Restraint training at Scots prisons to be reviewed after inmate death

The prison watchdog will be asked to oversee a review into control and restraint training in jails following the death of a prisoner that a sheriff ruled was "entirely preventable".

Justice secretary Humza Yousaf

Justice secretary Humza Yousaf has told MSPs he plans to ask Her Majesty's Chief Inspector of Prisons to "undertake external assurance" of the Scottish Prison Service's (SPS) review, following a fatal accident inquiry (FAI) into the death.

Allan Marshall was remanded in custody in HMP Edinburgh in Saughton, having being charged with using threatening or abusive behaviour and threatening or impeding police, when he died of a cardiac arrest while being restrained by several officers on 28 March 2015.

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He made 13 recommendations, including ensuring prison officers received proper training while also having the presence of a first responder in any future cases.

Now, Mr Yousaf has written to Holyrood's Justice Committee to update them on actions taken in response to the FAI.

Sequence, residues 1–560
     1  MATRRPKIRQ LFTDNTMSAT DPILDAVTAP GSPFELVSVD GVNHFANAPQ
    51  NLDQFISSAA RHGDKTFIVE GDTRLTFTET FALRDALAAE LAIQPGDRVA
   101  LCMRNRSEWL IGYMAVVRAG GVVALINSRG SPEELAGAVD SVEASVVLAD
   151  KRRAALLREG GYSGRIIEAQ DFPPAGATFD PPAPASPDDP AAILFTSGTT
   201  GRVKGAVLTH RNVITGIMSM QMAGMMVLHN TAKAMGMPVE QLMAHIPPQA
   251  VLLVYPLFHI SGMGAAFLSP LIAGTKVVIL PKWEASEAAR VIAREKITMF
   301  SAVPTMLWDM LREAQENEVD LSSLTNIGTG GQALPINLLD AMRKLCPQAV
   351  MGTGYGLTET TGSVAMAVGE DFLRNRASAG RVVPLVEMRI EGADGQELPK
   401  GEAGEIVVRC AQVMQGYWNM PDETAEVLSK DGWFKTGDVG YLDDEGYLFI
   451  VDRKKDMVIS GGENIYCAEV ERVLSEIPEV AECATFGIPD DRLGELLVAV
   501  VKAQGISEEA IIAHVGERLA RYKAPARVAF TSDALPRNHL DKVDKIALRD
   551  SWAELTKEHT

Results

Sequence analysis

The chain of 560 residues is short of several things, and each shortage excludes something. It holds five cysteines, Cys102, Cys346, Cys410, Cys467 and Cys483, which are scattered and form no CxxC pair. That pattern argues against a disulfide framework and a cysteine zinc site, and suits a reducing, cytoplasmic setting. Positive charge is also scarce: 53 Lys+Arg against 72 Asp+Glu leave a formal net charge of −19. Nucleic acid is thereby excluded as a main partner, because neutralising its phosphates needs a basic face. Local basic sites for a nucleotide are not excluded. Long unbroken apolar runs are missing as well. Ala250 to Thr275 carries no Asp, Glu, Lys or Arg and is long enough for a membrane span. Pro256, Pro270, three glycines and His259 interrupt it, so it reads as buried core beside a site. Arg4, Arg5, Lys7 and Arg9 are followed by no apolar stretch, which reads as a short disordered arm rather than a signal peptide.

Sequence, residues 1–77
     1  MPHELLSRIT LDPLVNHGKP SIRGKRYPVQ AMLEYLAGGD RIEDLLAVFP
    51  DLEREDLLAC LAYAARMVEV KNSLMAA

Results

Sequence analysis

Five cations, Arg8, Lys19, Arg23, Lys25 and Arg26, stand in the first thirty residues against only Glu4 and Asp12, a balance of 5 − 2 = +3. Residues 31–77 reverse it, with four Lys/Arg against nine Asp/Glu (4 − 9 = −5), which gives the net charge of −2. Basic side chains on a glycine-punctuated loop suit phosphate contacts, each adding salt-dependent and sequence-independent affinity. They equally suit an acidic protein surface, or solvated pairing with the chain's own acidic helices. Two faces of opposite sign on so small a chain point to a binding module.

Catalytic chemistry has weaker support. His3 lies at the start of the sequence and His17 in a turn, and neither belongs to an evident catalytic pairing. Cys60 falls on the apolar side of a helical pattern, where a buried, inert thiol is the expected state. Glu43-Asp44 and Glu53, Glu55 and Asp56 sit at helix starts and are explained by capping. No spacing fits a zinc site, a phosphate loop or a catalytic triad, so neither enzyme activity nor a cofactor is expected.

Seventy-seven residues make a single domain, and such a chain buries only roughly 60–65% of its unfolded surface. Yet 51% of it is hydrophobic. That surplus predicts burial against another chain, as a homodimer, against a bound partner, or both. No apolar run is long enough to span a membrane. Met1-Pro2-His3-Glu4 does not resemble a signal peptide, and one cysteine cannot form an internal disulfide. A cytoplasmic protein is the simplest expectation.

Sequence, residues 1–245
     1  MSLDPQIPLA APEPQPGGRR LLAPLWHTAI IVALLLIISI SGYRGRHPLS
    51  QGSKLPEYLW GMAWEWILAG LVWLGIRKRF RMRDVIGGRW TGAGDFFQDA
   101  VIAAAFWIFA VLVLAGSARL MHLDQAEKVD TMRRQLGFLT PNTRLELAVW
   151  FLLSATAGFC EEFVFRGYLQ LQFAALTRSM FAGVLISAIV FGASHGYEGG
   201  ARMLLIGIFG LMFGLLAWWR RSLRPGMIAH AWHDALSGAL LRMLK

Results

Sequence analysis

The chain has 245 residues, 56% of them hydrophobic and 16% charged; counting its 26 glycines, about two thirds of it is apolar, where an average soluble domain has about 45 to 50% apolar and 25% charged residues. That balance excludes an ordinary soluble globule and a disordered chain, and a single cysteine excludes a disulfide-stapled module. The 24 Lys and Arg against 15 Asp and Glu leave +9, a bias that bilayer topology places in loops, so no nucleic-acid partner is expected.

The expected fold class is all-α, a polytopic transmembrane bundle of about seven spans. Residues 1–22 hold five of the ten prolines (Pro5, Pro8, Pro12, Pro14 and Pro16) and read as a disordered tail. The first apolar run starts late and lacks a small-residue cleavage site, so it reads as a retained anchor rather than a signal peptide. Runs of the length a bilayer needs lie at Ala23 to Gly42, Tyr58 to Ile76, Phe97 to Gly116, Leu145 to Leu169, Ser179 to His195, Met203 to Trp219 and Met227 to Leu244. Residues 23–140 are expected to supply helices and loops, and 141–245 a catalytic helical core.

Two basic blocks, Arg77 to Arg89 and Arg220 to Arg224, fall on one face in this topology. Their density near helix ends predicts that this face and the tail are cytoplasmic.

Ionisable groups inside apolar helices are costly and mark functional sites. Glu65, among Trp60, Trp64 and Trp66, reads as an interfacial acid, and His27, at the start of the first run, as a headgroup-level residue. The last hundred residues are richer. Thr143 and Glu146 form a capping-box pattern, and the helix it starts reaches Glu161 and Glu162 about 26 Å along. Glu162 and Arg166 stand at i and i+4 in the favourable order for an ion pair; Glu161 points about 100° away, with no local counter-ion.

He expressed his sympathies and condolences to Mr Marshall's family, adding "it is concerning to note the Sheriff's determination concludes that, in this tragic incident, there were defects in the system that contributed to the outcome".

Mr Yousaf said the Crown counsel determined there would be no criminal proceedings after a criminal investigation into Mr Marshall's death.

He said SPS brought in additional staff training immediately following Mr Marshall's death and has set up a working group to address the FAI recommendations, "paying particular attention to the recognition and understanding of medical conditions which may be triggered or exacerbated by the use of restraint".

The letter continues: "SPS has also acknowledged the need for external assurance of this review process.

"Therefore, I have advised Her Majesty's Chief Inspector of Prisons today that I will write to her formally this week asking her to undertake external assurance of the SPS's review of C&R training and actions following from the FAI recommendations, in conjunction with relevant independent experts, as required."

He concluded: "Any death in our care is a tragedy and I am determined that our justice system continues to learn and improve so we can avoid such tragedies from happening again in the future."